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Gear Guide 2018: Men's Value Skis

Is there such a thing as inexpensive sticks that rip? Yes, and these six pairs fit the bill.

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Let’s face it: Skiing isn’t cheap. But there are ways to keep it inexpensive and fun, so to help you help your wallet, we tested a number of men’s skis that don’t require refinancing your house to purchase. Our testers made turns on these skis alongside every other pair found in SKI’s Gear Guide.

To qualify as a “Value Ski,” the price for a pair must be less than $650 (or $850 if bindings are included), and it must be enjoyable to ski. There is no width prerequisite, so any ski category can make the cut. We take the ski’s overall average test score, multiply it by 1,000, and divide it by the price to come up with a Value Score. These are the planks with smallest price tags that stood out.

Pro Tip: Prices here are MSRP, so these skis are probably marked at a lower price in-store. You’re welcome.

Read about the best Women’s Value Skis here.

Nordica Navigator 85

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Nordica dominated certain categories of the ski test, and we salute the brand for making an affordable ski that rips alongside its higher-priced cousins. A layer of strategically cut titanium (Nordica calls this the “Hex Bridge”) laid over a poplar and beech wood core allows this ski to crush crud and stay stable without excessive weight. “Solid and quiet,” said Megroz. “Don’t be afraid to push it.” Read more about the Nordica Navigator 85 here.

Price: $600 flat; Value Score: 5.88

Dimensions: 125-85-109 (179); Lengths: 172, 179, 186.

Category: Men’s All Mountain Narrow.

Völkl Kanjo

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The Kanjo impressed most when it was let off its leash and allowed to go full-throttle. The Titanal band inside a layered wood core and full sandwich sidewalls keep the ski damp in variable snow, but still fun to bounce around with on smoother terrain thanks to well-placed tip and tail rocker. “Great ski,” wrote Todd Casey. “Strong and stable, but feathered with ease to make all sorts of turns.” Read more about the Völkl Kanjo here.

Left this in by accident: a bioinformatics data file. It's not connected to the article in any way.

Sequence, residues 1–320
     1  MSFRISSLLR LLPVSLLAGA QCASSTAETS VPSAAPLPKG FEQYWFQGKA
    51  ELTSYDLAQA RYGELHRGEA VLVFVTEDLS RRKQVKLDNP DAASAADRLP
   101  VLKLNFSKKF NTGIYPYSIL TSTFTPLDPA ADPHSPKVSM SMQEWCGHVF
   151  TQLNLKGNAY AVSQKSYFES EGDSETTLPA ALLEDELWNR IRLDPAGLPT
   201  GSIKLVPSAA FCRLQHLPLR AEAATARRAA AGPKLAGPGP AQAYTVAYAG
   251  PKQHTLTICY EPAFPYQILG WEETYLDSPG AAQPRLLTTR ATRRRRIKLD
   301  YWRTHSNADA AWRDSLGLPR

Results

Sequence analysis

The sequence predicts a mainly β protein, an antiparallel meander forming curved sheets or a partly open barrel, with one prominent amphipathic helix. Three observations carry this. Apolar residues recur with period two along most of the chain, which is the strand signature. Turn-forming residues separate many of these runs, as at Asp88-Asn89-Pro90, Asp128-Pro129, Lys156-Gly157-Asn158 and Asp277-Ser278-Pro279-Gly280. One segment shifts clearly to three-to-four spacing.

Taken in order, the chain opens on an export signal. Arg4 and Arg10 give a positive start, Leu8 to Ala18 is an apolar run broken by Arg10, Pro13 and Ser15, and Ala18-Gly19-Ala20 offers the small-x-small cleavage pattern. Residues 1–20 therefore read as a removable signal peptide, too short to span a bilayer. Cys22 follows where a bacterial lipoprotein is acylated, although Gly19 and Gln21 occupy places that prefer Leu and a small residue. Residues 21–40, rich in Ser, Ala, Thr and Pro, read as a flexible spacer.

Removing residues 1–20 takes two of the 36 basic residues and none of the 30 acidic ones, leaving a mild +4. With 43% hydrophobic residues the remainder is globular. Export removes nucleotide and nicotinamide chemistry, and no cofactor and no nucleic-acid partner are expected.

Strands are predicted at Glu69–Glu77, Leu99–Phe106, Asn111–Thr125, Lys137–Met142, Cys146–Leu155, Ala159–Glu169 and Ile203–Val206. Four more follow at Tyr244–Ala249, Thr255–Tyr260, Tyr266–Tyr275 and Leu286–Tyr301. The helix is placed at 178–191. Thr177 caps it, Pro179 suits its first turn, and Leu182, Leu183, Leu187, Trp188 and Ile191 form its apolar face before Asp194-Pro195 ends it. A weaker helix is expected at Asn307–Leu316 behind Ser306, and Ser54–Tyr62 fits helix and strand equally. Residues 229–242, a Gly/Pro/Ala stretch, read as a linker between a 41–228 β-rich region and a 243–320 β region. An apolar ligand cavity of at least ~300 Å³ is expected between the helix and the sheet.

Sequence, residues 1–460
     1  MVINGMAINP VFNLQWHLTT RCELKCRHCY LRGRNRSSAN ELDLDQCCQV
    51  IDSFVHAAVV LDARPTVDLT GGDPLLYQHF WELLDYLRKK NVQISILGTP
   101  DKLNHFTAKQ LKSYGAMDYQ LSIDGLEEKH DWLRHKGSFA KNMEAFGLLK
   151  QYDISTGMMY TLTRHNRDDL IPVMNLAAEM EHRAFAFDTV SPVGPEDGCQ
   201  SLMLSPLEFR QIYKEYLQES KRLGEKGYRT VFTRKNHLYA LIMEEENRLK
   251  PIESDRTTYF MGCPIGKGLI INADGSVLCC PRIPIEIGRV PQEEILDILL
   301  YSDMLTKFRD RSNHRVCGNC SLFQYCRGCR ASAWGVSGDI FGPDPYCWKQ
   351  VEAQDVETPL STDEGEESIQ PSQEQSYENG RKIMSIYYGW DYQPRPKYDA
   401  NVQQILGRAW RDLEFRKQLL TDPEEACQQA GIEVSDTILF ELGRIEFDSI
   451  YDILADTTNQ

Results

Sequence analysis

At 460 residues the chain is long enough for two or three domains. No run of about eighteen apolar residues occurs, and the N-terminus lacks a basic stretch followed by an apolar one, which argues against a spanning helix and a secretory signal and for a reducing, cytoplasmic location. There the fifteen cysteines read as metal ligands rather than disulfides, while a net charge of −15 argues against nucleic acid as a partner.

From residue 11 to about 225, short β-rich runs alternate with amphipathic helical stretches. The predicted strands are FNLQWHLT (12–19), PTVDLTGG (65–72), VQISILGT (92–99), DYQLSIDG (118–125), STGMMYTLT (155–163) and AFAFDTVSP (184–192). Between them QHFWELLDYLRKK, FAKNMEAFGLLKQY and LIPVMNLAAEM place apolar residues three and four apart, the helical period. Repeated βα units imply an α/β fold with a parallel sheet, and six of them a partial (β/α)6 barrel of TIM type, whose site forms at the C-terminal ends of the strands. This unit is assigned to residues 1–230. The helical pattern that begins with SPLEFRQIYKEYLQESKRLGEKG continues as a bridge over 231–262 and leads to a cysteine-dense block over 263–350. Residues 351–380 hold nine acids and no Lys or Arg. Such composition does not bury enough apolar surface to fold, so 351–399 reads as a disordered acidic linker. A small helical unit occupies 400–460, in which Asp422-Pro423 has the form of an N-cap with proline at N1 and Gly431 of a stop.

Price: $650 flat; Value Score: 5.38.

D: 123-84-104 (175); L: 154, 161, 168, 175, 182.

Category: Men’s Hard Snow.

Atomic Vantage 95 C

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The Vantage 95 C is slightly wider and significantly less expensive than the award-winning Vantage 90 CTi. Made with a layer of super-light carbon mesh over a poplar wood core, the ski earned its strongest marks in quickness and maneuverability, making it an affordable option for those who enjoy the entire hill. “Quiet and damp,” wrote Luke Larsen. “Great daily driver,” said Brendan Gooding. Read more about the Atomic Vantage 95 C here.

Price: $600 flat; Value Score: 5.18.

Dimensions: 133-95-119.5 (178); Lengths: 162, 170, 178, 186.

Category: Men’s All Mountain Narrow.

Fischer Pro MTN 80

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Like a perfect point guard on the basketball court, the Pro Mtn 80 scored highest in quickness, and always felt springy on hard snow. Carbon in the shovel and sandwich sidewall construction performed best on groomed terrain. Those who prefer corduroy and want a lower price point should give these planks some play. “Perfect amount of flex,” said Gordy Megroz. “Nice solid feel underfoot too.” Read more about the Fischer Pro MTN 80 here.

Price: $700 with binding; Value Score: 4.91.

D: 125-81-111 (173); L: 159, 166, 173, 180.

Category: Men’s Hard Snow.

Dynastar Legend X 80

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The Legend X 80 gives testament to frugal performance. Testers enjoyed its forgiveness, and gave it high marks for maneuverability, important factors for skiers looking to bump up from a skills plateau. The five-point side cut, tip and tail rocker, and solid wood core create a snappy ski and really expresses well from turn to turn. “Rides with assurance,” said Bob Gleason. “Loves the tight spots.” Read more about the Dynastar Legend X 80 here.

Price: $700 with binding; Value Score: 4.47.

D: 123-80-103 (173); L: 152, 159, 166, 173, 180.

Category: Men’s Hard Snow.

Blizzard Quattro 8.0 Ti

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We don’t know how Blizzard put titanium in a ski and kept it in the value category, but we’re certainly not complaining about it. Thanks to 4mm of tip and tail rocker, our testers found this ski to be the most playful, forgiving, and smooth option in the category. A solid choice for those looking for a ski that’s quick to turn but forgiving if you mess up. “Silky smooth,” wrote Larsen. “Just like my satin sheets.” Read more about the Blizzard Quattro 8.0 Ti here.

Price: $840 with binding; Value Score: 4.14.

D: 125-80-108 (174); L: 156, 162, 168, 174, 180.

Category: Men’s Hard Snow.